DWR’s Apprenticeship Program Celebrates 50 Years of Success


Image of DWR Hydroelectric Plant Electrician Stephanie Ruane,

Image of DWR Hydroelectric Plant Electrician Stephanie Ruane, a former participant of DWR's Apprenticeship Program now employed as a journey level electrician.

Since the inception of the California Department of Water Resources (DWR) Operation and Maintenance apprentice program in 1971, 581 apprentices have graduated from the program, which guarantees jobs as journey level electricians, mechanics, operators or utility craftsworkers at DWR facilities throughout the state.

“For five decades, the DWR Apprentice Program has been the start of a rewarding career in the hydroelectric industry for many while providing DWR a workforce that is ready to run the State Water Project,” said David Duval, head of DWR’s Division of Operations and Maintenance. “The apprentices that work at SWP facilities throughout California and earn a career are key to the SWP being successful in providing a reliable water supply to more than 27 million Californians.”

The paid program combines hands-on learning, classroom learning, and at-home study with supervised training at one of DWR’s State Water Project facilities.

Today, DWR’s workforce consists of many apprentice graduates, including Armand Jones, Darren Choyce, and Gina House.

The apprentice program opened the door to a 38-year DWR career for Armand Jones, who graduated in 1991 as a hydroelectric plant electrician at San Joaquin Field Division, where he currently works.

“I’ve helped many co-workers, leads, supervisors, superintendents, many apprentices over the years with my knowledge,” Jones said. “With that said, I’ve helped move a lot of water during my career. The best part of being in the program was being able to work in the plants.”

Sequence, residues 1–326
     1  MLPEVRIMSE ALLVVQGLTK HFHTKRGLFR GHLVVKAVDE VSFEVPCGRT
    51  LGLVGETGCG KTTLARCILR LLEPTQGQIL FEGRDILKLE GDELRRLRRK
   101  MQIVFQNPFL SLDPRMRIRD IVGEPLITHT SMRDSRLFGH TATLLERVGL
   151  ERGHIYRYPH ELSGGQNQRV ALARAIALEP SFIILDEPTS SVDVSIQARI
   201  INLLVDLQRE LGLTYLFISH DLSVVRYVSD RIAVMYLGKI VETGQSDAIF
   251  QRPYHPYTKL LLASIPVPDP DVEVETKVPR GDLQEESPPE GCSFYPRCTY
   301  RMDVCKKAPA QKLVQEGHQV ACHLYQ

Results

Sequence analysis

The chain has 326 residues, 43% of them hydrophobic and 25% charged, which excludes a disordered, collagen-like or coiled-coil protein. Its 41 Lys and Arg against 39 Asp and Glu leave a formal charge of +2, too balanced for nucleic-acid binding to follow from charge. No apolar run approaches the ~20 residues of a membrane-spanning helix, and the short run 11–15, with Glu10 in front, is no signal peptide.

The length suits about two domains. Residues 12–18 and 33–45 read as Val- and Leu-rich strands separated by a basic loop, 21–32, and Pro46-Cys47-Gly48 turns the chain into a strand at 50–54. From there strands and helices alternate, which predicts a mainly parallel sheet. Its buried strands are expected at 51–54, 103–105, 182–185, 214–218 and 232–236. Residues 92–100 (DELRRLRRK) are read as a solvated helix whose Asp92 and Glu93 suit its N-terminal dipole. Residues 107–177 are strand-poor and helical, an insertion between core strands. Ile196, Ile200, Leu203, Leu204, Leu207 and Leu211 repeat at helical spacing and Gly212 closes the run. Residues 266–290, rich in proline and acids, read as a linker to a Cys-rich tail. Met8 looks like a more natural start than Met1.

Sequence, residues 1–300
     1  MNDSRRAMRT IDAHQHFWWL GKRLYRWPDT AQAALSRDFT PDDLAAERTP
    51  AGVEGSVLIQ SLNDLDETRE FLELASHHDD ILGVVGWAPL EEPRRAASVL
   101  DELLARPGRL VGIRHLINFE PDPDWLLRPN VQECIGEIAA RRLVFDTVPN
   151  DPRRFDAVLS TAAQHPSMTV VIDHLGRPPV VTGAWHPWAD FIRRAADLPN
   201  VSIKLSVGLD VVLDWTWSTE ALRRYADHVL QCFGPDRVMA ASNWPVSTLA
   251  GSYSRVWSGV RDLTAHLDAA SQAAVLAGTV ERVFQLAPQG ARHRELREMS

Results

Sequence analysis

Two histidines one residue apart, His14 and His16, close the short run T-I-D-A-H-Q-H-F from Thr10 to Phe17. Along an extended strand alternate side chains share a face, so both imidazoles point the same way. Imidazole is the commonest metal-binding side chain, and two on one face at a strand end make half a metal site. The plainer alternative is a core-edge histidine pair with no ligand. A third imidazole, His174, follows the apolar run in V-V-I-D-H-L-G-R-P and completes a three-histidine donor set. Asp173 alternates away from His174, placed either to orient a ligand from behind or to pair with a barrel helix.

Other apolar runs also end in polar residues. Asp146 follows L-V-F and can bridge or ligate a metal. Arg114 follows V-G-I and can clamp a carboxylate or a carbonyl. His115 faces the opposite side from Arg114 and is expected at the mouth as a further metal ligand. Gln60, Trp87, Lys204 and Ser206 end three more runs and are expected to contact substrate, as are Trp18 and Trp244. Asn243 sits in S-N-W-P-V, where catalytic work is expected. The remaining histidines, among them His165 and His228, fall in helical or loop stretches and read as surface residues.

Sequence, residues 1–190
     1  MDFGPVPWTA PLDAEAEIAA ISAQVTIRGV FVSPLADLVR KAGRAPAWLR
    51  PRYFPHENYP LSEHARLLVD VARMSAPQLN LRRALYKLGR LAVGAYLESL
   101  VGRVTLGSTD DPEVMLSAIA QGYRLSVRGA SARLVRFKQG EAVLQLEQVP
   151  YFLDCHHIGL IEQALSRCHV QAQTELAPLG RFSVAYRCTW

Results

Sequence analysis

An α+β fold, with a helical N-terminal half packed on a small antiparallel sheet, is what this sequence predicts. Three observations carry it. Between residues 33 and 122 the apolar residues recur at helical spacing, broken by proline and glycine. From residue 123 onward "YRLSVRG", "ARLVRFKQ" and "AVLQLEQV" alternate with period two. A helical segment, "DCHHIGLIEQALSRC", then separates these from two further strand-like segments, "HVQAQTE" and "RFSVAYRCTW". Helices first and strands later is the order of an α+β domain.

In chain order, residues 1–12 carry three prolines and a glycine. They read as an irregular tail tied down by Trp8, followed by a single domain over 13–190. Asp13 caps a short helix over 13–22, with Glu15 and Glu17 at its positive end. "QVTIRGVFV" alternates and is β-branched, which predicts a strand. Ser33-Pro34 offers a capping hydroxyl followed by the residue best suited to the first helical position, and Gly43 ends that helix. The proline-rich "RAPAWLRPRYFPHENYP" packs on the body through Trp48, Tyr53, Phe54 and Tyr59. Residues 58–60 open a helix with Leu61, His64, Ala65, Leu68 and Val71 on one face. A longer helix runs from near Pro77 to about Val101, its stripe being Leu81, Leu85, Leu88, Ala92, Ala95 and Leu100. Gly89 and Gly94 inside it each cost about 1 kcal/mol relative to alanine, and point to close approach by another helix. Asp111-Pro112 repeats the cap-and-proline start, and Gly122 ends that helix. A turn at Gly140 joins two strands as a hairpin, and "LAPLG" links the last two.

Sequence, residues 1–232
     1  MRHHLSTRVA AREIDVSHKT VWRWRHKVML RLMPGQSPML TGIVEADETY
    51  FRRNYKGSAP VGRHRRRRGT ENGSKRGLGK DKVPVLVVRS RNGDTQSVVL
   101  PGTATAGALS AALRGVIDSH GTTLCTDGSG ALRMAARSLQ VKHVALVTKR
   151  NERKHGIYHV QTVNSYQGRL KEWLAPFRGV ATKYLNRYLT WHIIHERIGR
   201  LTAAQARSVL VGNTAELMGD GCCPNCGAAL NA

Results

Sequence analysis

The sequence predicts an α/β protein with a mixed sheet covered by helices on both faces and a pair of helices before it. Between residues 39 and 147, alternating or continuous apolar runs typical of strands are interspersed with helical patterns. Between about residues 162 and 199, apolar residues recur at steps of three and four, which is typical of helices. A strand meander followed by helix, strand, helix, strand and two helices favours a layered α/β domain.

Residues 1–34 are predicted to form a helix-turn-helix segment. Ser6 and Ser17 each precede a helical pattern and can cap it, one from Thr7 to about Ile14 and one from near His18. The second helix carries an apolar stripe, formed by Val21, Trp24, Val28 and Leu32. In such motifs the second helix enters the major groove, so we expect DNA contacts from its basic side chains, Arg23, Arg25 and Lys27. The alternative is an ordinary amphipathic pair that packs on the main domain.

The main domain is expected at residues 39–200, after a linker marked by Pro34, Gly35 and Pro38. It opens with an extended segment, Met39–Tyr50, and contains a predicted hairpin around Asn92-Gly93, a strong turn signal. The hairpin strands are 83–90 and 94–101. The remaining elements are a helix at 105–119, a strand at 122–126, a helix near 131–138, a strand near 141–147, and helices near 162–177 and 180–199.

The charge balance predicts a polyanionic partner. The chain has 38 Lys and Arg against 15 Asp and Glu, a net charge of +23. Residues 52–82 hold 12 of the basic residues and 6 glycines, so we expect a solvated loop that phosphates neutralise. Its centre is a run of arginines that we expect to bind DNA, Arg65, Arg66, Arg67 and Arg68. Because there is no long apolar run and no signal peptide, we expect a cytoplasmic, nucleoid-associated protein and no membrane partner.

The apprentice program allowed Darren Choyce, who graduated in 1994, to gain hands-on experience in his field of study.

“Going through the apprenticeship has allowed me to learn my craft starting from the bottom and given me the ability to pass that knowledge on to others that are also new to the craft,” said Choyce, who is now the Operations and Maintenance Assistant Division Chief.

Gina House joined DWR as an operator apprentice 26 years ago after being inspired by her mom, an AT&T lineman, who showed her that any career is possible if you stick to it.

“The best part of the apprentice program was learning the job itself and being around and working with all this big machinery and high voltage,” said House, a hydroelectric plant operations superintendent at Oroville Field Division. “The program gave me access to other apprentices from other field divisions and water agencies and created great friendships that have lasted throughout my time here.”

History of the DWR Apprentice Program

When the program first began in 1971, there were six operator apprentices and a one-room classroom in the field division’s administration building in Bakersfield. By 1978, the program grew to include mechanics and electricians in addition to operators.

To allow for the apprentice program’s educational opportunities to expand more with additional and varied training, a new home headquartered at San Joaquin Field Division in Bakersfield was completed in 1994.

Today, there are 30 courses depending on the trade that are part of the program. Training courses include gas and arc welding; motors and generators; pumps, bearings and turbines; hydraulics; heavy equipment; and environmental awareness.

Apprentices can receive college credit for most of the courses in the program.

Visit our DWR Apprentice Program webpage for more information about the program, including how to apply.